Galatians 5:18 gives us a very graphic picture of the senses and of the spirit: “But I say, walk by the spirit (that is not the Holy Spirit . . . that is the recreated spirit) and ye shall not fulfill the desires of the senses.” This scripture will be of infinite value to you, for the senses war against the recreated spirit, and the recreated spirit is warring against the senses. “For these are contrary to each other that you might not do what you would.”
The word, “flesh,” should have been translated, “senses.” Then we could have understood it. You see, the five senses, seeing, hearing, smelling, feeling, and tasting are all physical doors that lead to the brain. I know a thing is sweet because I tasted it. I know a thing is fragrant because I smelled it. I know it is hard because I struck it. What we call the sins of the flesh are sins of the senses. They are sins connected with the physical body, and this body of ours is the laboratory where we have learned all we know of secular knowledge.
The eighteenth verse goes further: “But if you are led by the recreated spirit you are not under the law.” The Mosaic covenant had to do only with the senses. The new law that Jesus gave in John 13:34, 35 has to do altogether with our recreated spirits. So Paul continues, in Galatians 5:19, “Now the works of the senses are manifest.” And he gives a long list of them. We are all familiar with it. The battle that we fight in our daily walk is with our senses. I want the thing that I see. I may want to drink it. I may want to eat it. I may want to feel it. My spirit must govern my senses. My mind must be so renewed by knowing the Word and acting on the Word that I can easily conquer my senses.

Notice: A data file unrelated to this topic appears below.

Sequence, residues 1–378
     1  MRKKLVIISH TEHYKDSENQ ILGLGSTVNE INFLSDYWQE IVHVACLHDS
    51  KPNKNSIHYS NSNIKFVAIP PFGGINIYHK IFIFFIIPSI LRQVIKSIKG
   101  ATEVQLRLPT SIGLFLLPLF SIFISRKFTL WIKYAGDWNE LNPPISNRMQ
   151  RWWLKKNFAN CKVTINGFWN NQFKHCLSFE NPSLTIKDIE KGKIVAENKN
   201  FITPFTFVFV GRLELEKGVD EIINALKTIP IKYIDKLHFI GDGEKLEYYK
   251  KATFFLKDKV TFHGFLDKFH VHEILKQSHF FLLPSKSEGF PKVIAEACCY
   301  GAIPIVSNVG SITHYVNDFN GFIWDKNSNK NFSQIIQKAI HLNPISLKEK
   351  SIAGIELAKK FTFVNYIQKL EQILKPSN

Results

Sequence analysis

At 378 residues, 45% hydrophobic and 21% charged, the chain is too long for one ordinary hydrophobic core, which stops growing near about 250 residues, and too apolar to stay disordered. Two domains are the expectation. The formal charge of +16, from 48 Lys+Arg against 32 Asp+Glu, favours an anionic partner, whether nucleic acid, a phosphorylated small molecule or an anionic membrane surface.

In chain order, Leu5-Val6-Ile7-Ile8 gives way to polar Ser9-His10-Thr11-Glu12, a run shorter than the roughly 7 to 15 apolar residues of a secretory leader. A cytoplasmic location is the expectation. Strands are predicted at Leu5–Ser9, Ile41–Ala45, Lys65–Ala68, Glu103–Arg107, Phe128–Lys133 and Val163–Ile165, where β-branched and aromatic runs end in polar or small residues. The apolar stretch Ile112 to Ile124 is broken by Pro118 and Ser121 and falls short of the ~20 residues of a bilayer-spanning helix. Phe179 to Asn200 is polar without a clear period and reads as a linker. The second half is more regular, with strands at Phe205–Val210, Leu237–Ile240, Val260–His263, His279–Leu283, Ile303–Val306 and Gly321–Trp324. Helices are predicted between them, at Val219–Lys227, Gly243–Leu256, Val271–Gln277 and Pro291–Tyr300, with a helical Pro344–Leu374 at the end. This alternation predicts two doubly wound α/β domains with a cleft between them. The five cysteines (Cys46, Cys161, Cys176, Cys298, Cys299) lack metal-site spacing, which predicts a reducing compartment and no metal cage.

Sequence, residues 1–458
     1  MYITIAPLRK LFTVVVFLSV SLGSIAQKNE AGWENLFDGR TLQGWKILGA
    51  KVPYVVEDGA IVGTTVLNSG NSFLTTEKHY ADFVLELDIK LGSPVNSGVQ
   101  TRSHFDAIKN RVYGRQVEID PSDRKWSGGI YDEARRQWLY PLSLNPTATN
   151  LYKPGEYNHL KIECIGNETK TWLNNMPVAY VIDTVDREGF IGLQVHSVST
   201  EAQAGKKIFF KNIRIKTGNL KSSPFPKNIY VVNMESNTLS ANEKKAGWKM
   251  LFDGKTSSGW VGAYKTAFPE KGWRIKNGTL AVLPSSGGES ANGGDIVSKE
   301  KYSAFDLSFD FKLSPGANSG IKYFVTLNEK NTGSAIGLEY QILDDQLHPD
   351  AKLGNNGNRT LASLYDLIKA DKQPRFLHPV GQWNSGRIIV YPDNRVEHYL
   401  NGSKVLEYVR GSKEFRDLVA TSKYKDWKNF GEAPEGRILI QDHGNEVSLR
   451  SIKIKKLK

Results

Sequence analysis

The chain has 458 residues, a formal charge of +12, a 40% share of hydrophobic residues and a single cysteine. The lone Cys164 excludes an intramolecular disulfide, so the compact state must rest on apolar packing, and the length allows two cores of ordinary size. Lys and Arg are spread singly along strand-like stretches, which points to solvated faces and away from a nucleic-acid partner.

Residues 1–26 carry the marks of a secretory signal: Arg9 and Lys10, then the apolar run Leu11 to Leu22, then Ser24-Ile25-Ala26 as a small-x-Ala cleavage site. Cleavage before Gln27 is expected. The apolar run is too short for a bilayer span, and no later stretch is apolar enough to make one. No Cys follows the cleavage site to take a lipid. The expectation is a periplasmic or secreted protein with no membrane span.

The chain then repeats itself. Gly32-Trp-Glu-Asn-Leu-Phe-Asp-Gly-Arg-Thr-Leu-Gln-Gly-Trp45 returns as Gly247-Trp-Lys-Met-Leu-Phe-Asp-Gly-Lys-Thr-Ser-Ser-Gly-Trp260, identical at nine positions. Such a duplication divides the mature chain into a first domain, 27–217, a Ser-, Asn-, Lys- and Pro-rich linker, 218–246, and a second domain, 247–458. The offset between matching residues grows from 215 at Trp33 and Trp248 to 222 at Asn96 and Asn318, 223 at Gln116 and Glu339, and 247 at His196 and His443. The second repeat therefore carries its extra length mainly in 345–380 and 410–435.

Romans 12:1-2, “1 beseech you therefore, brethren, by the mercies of God to present your bodies a living sacrifice, wholly acceptable to God which is your spiritual service, and be not fashioned according to this age, but be ye transfigured by the renewing of your mind that ye may prove what is the good, and acceptable and perfect will of God.”
Here He is asking that our senses be turned over to Him. You see, our bodies are really our universities, are our technical schools. How do I know anything about metallurgy except through the senses? How do I know anything about mechanics except through the senses?
If a man is totally blind, he cannot be a mechanic. If you go a step beyond that and rob him of his hearing, now he is locked up to his senses of taste, smell and feeling because sight and hearing are gone. Suppose you go a step beyond that, and he is paralyzed so that he has no feeling in his body. Now he is helpless. You see how utterly we are dependent on our senses, and how all the knowledge we have comes through the senses.
Essek William Kenyon (1867 – 1948).
An evangelist, pastor, president of a Bible Institute, author, songwriter and poet